Deep Sky Derelicts Review PC
key review info
- Game: Deep Sky Derelicts
- Platform: PC
- Gamepad support: No
- Reviewed on:
- Show system requirements
Since Deep Sky Derelicts was released on Steam Early Access, the game was unfairly compared to Red Hook Studios' highly-acclaimed Darkest Dungeon. Although they share some similarities, Snowhound Games' Deep Sky Derelicts offers a completely different gameplay experience.
I say it's unfair because the typical Darkest Dungeon player has certain expectations from a game that's compared to their favorite title, and might be disappointed to learn that Deep Sky Derelicts won't met. With that out of the way, let's plunge into what Snowhound Games' turn-based strategy game is all about and whether or not it's worth checking out.
Deep Sky Derelicts is set in a dystopian world where the humanity is now split into two classes: the poor and the rich. That wouldn't be so unusual if not for the fact that the poor have been exiled to live off scraps from derelict alien stations and ships in the outer space, while the rich live on the surface of hospitable planets and breath non-synthetic air.
You take on the role of an outcast who is promised citizenship and a place to live on any of the hospitable planets colonized by humans, if you manage to find a mythical alien derelict ship referred to as the Mothership.
In your search for the Mothership, you can employ the help of two other mercenaries, who should complement your combat skills. Before you start your quest for the fabled alien ship, you'll have to choose a class for your squad members from five made available by developers: Leader, Tracker, Bruiser, Technician, Medic, and Scrapper.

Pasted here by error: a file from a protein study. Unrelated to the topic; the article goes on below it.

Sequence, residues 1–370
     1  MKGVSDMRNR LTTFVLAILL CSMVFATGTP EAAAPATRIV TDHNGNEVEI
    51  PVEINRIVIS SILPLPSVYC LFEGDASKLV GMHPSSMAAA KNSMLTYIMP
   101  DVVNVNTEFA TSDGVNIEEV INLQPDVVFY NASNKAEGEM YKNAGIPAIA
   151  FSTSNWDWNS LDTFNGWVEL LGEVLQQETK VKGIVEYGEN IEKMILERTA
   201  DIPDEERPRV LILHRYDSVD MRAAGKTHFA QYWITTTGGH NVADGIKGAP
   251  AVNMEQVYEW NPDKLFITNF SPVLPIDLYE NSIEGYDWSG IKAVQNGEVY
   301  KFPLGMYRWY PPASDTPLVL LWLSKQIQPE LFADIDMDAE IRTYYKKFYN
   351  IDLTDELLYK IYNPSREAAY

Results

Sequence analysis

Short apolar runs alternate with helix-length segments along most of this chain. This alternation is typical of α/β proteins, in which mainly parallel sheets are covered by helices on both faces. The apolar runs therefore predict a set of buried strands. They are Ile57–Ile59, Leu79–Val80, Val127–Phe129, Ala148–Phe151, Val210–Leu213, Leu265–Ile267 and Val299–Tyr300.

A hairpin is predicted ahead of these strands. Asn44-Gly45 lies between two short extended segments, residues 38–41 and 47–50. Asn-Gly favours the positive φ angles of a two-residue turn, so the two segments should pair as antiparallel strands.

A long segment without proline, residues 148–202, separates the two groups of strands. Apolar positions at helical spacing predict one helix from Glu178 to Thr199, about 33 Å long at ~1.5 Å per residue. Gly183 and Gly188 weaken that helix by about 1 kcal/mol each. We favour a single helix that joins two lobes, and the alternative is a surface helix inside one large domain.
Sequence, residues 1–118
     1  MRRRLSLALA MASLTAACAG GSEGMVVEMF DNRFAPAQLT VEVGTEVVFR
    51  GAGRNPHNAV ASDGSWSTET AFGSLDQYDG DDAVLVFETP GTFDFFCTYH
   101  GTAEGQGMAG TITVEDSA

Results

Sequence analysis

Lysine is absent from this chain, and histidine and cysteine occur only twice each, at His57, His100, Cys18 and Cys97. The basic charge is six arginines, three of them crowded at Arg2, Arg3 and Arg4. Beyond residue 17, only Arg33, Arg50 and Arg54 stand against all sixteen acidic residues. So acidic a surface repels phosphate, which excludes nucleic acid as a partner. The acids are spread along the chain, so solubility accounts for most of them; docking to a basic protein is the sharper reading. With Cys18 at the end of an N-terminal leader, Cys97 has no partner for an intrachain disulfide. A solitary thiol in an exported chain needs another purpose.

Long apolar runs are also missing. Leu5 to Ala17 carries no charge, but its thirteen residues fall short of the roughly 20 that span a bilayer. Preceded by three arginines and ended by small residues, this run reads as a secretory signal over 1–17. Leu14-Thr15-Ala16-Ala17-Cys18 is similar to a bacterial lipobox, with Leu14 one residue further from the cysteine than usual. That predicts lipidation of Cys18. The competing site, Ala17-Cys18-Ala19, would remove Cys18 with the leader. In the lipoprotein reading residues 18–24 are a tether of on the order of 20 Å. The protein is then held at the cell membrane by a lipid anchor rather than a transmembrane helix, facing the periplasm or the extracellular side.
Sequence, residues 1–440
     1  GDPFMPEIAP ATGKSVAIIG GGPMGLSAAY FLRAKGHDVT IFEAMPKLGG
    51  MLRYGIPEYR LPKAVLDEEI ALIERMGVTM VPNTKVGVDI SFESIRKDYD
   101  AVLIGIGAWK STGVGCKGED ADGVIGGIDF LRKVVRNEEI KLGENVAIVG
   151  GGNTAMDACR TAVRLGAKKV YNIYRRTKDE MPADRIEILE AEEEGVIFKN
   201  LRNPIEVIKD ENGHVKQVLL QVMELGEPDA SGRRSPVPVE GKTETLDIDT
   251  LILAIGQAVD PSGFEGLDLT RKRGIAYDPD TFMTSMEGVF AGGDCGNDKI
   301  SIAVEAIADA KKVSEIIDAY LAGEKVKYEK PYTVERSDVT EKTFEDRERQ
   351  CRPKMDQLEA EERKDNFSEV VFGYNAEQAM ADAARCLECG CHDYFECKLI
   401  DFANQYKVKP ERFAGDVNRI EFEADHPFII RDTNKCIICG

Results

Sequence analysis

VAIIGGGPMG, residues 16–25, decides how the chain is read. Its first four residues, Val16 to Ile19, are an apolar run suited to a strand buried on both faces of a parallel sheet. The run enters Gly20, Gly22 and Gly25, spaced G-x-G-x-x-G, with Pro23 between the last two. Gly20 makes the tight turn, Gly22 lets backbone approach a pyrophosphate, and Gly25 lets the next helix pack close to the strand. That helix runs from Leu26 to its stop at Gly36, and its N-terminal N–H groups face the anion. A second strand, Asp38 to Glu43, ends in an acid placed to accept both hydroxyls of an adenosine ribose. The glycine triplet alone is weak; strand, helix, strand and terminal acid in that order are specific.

Each class has its own unique abilities and weapons, but more importantly, certain class combos are considerably better than others, something that you'll only find out after experimenting with them for at least a dozen hours. The best course of action is to cover a wide array of weaponry and abilities as possible, and then discover the best combat tactics while playing the campaign.
There are plenty of weapons and tools that you can loot or buy throughout the game. As a matter of fact, you'll be switching to better gear after almost every mission on a derelict ship, so don't buy anything unless it's batteries.
Combat in Deep Sky Derelicts is turn-based but uses cards to determine the outcome of an encounter. Your mercs have their own specific deck of cards they can use in battle to damage the enemy or boost your squad's offense and defense.
Besides some numbers that determine their effectiveness in battle, each piece of the gear your characters wear offer access to a number of cards. The sum of all these cards constitutes your deck, so every time you change your weapons, tools or mods, you deck will change. Despite the fact that it's easy to pick up, Deep Sky Derelicts' combat system is hard to master, especially that there's no tutorial to explain what tactics works better and which type of enemies are more susceptible to certain attacks.
Sometimes, it's better to go for the set of cards a piece of gear offers, while other times it's better to take the perks and stat modifiers over the cards. It very much depends on what strategy you're using and how much changes in your deck will impact the effectiveness of your characters in combat.